Yadlin's projection of 2010 would have been "sound and accurate," said Katz, had numerous delays not pushed back the Iranian program.

Those delays included the assassinations of nuclear scientists, mysterious explosions at military facilities and a computer virus known as "Stuxnet" that disrupted the installation of centrifuges, the key components for processing uranium. Israel is often credited with those delays, though few believe they will stop a determined Iran in the long run.

"In the end they are delays, not final solution," said Asculai, the Israeli nuclear weapons expert.

Two months ago, the institute where Asculai works ran a war game exploring how the world would react to Iran test-firing a nuclear weapon.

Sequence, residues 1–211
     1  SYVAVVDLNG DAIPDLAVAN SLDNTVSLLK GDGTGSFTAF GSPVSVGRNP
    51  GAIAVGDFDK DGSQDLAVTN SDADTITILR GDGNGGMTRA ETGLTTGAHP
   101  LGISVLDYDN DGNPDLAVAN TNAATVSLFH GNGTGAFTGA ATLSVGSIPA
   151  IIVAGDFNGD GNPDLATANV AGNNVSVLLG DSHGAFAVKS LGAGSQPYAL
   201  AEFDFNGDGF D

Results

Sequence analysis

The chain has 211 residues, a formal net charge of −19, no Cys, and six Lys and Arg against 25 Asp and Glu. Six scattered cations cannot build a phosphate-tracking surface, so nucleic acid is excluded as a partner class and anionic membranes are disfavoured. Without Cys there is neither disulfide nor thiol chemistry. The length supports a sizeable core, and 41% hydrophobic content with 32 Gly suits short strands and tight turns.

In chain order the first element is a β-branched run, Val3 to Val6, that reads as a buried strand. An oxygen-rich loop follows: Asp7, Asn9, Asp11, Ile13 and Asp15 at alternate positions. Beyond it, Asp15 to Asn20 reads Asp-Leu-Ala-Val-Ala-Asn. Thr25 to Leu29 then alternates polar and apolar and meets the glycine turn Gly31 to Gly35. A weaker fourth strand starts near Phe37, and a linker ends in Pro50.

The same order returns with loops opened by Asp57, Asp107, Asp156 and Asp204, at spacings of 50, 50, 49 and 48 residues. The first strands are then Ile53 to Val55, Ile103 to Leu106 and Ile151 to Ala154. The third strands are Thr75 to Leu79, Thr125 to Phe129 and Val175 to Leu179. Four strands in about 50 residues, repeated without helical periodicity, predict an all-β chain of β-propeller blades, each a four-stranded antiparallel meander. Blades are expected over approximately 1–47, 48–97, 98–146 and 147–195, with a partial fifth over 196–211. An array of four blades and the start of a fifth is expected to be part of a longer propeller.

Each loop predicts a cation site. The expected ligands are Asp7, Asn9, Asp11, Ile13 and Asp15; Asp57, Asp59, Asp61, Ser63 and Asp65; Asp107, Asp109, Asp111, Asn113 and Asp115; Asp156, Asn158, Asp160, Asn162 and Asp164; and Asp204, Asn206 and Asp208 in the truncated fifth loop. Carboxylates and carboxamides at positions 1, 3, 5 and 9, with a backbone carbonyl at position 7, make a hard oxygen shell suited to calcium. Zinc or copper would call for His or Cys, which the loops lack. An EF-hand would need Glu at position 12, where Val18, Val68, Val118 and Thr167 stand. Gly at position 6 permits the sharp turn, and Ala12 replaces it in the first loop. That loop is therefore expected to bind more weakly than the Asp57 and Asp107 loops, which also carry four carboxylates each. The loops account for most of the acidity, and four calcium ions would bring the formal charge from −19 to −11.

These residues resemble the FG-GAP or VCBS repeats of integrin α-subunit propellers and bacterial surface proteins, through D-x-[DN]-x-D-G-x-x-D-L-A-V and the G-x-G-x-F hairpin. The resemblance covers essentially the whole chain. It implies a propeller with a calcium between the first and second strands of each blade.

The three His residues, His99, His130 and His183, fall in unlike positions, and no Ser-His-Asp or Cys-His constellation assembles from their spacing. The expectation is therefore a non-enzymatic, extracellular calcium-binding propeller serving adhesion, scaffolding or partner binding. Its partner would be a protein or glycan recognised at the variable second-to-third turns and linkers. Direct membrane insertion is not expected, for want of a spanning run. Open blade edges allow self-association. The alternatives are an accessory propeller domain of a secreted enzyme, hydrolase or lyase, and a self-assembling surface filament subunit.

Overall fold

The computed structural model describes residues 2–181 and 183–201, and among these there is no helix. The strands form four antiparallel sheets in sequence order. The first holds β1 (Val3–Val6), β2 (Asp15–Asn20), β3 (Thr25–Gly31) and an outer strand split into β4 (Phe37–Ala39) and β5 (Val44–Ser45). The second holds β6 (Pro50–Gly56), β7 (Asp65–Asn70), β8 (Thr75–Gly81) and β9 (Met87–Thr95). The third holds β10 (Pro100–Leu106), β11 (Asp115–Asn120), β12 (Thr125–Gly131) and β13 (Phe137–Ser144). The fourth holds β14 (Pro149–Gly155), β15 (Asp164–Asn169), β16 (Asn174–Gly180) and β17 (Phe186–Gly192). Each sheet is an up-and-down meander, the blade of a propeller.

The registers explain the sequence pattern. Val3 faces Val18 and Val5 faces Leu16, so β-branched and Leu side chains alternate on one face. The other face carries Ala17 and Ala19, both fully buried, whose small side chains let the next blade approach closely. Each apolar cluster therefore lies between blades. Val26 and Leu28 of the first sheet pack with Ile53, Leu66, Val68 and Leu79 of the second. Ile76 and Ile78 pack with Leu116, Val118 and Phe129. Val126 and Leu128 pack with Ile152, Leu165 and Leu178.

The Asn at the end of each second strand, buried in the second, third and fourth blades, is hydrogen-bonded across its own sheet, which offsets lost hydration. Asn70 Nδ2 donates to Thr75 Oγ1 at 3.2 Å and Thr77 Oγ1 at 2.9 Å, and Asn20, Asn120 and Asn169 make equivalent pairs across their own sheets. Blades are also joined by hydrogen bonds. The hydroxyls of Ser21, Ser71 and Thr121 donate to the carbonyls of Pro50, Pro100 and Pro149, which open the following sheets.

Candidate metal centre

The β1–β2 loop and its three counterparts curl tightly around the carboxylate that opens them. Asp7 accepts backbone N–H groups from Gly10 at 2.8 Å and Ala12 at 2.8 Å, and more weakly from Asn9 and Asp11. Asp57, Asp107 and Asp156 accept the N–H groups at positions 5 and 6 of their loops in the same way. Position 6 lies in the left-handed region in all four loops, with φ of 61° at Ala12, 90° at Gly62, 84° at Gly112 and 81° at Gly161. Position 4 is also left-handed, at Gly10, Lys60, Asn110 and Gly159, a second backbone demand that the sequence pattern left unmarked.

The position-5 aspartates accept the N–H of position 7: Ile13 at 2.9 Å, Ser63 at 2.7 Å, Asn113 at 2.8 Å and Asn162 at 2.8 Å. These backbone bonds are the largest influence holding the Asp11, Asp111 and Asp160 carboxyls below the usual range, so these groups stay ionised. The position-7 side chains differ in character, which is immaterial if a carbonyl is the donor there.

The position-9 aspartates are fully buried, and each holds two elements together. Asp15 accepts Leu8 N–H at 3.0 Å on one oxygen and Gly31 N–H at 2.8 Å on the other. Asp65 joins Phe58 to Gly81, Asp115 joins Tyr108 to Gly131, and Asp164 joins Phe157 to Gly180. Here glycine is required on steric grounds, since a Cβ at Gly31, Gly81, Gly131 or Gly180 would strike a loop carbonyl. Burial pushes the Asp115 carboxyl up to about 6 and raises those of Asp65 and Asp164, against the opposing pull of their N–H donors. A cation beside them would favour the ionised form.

The result surprised many. Israel held back on immediate action, instead rallying its supporters in the West for intense diplomacy. No airstrikes were immediately launched.

What would happen in a real-world event is less certain. For those who argue Iran will not build a weapon, the scenario is yet more war drums sounded by Israel. For those who strongly feel that Iran will seek to build a weapon, there is disagreement over how far is too far.

"It's a game, the Iranian nuclear threat. And there is no certainty for the first, second or third move to take. No one can tell you what moves anyone is going to make or is making," said Asculai. "Everyone is still staring at the board."

(Frenkel is a McClatchy special correspondent)